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"We are the protagonists of our stories called life, and there is no limit to how high we can fly."

PHD. MBA. MHS. Type rated on A350, A330, B777, B747-400, B747-200, B757, B767, B737, B727. International Airline Pilot / Author / Speaker. Dedicated to giving the gift of wings to anyone following their dreams. Supporting Aviation Safety through training, writing, and inspiration. Fighting for Aviation Safety and Airline Employee Advocacy. Safety Culture and SMS change agent.

Friday, March 25, 2011

Betty Blake

Friday's Fabulous Flyer 

December 7th, 1941, Betty is standing on her balcony watching bombs drop on Pearl Harbor.

October 1920, in Honolulu, Hawaii, another pilot has made her arrival. Betty joined this earth with mischief in her heart and a smile on her face. How do I know? I had the great opportunity to speak to her. Granted our conversation occurred ninety-one years after her birth, but the story of her life answers that question.

When Betty was fourteen years old her father took her to see Amelia Earhart. Betty sat in the front row and told me that she was the only kid in the audience and Amelia spoke directly to her. After the meeting they had a conversation and the next day Betty went out to the airport and sat in Amelia's plane and their friendship began.

Betty had always been fascinated with aviation. So at the age of fourteen when Navy Pilot Warren Baxter offered to teach her how to fly, she couldn't say no. She would sneak out of her house and find her way to the airport. She never did tell her parents she was flying. Then one night, when she snuck out to date a pilot, her father found out he tracked her down and yanked open the door, and drug her home. "Oh, he was mad," she said. I think there was a grounding involved, but that didn't stop her from dreams of flying, or going back to the airport.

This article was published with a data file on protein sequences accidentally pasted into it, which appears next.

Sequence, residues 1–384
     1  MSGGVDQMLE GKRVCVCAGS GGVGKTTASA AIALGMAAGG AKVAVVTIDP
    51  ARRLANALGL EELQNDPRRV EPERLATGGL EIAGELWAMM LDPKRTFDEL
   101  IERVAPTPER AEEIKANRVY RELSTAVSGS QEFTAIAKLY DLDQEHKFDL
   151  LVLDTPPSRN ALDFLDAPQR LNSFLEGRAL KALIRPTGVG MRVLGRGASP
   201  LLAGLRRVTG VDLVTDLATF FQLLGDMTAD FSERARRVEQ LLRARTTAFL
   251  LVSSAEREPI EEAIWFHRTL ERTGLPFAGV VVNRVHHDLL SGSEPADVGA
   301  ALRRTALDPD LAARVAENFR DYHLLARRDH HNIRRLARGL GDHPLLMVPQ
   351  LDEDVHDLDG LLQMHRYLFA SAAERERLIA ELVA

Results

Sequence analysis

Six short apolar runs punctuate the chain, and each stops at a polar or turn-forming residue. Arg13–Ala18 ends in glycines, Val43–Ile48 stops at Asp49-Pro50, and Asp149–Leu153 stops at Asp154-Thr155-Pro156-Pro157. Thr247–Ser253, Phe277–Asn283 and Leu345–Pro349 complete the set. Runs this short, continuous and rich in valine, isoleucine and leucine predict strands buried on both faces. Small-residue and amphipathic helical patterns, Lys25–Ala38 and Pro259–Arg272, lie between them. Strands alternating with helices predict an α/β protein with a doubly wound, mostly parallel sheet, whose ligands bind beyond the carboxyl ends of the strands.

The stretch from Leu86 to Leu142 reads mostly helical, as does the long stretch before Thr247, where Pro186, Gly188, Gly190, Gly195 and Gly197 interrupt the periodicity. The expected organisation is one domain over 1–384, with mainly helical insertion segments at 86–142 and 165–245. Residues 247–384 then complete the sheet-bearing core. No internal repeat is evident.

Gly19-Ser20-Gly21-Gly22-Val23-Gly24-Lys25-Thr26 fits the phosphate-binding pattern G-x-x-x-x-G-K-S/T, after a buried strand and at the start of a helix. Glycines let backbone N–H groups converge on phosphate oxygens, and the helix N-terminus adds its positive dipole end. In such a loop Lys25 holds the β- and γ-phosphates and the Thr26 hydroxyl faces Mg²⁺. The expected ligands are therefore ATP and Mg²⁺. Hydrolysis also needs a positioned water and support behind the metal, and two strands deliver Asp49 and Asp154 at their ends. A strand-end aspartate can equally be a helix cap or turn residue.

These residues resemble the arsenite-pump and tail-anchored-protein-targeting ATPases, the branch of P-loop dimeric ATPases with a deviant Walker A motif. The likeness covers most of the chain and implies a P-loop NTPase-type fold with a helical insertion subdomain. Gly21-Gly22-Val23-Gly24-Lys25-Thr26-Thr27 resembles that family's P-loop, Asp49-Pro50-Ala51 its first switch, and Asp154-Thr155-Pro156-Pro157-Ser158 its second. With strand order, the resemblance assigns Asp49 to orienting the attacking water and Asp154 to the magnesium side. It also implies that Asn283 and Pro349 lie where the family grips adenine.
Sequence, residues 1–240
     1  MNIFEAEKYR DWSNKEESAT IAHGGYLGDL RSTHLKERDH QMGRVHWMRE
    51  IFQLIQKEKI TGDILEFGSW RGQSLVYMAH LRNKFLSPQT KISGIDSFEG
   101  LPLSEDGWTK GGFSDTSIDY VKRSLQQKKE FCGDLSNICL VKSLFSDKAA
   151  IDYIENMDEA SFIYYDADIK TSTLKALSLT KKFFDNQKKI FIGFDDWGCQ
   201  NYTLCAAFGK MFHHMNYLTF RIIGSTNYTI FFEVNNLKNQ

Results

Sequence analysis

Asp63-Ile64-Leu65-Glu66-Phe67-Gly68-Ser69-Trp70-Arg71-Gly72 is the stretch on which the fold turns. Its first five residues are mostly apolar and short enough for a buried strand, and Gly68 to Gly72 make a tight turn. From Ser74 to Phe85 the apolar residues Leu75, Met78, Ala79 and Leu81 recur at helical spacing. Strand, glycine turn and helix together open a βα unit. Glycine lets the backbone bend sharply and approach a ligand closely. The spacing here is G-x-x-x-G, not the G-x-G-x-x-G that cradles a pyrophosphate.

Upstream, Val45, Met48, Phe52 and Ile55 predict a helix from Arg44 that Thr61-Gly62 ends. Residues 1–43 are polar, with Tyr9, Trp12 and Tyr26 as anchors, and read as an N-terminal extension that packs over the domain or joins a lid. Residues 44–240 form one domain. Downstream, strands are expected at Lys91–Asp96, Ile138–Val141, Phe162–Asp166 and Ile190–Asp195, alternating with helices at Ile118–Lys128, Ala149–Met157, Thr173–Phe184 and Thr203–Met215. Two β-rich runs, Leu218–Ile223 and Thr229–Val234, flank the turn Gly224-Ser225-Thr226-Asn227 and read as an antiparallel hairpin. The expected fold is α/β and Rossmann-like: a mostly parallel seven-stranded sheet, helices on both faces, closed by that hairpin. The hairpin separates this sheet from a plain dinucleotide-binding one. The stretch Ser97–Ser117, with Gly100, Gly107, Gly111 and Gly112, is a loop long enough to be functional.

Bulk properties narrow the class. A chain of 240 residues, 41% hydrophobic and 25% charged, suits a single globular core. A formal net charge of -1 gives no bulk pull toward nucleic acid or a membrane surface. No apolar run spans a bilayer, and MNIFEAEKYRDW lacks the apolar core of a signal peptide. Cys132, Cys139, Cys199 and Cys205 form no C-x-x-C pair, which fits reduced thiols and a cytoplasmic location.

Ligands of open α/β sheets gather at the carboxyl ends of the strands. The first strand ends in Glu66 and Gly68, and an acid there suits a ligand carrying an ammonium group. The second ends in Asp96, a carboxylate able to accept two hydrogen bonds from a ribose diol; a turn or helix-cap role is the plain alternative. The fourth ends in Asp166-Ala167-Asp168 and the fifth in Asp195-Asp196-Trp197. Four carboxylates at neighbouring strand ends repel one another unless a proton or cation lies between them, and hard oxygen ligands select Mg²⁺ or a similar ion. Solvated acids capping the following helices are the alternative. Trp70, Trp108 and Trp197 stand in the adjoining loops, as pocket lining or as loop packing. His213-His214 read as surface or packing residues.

December 6th, 1941, Betty was at the officers club with her fiance, a Navy Ensign. She's had her first drink and was suffering from a hangover the following morning. When the bombing started she initially rolled over and pulled the pillow over her head. When she finally climbed out of bed, she stood on the balcony and witnessed the event that would change her life forever. That had to be the worst hangover in the world. At the time she was a flight instructor with about 700 hours of time.

Nights of blackness followed the attack. Within a couple months she climbed aboard a ship and headed to the mainland. They had to cross the Pacific in the dark, praying they wouldn't be hit by a submarine. The black silence made for a long ride.  They docked in California but she soon found herself in New York. Alone. Because her then husband was shipped overseas, and she was left behind in a new city, without friends or family.

It wasn't long until Betty got a call to to join the military.

She became one of the first WASPs: Women Airforce Service Pilots. Interesting, at the time they were not considered part of the military, but were civil servants. It wasn't until after the war did they get commissioned into the military.

The fact that she grew up with two brothers, a neighborhood of boys, and was the only girl gave her skills that paved her way in the military. She told me she got along great with the guys because she could burp on cue and spit, when some of her female counter parts ended up in tears.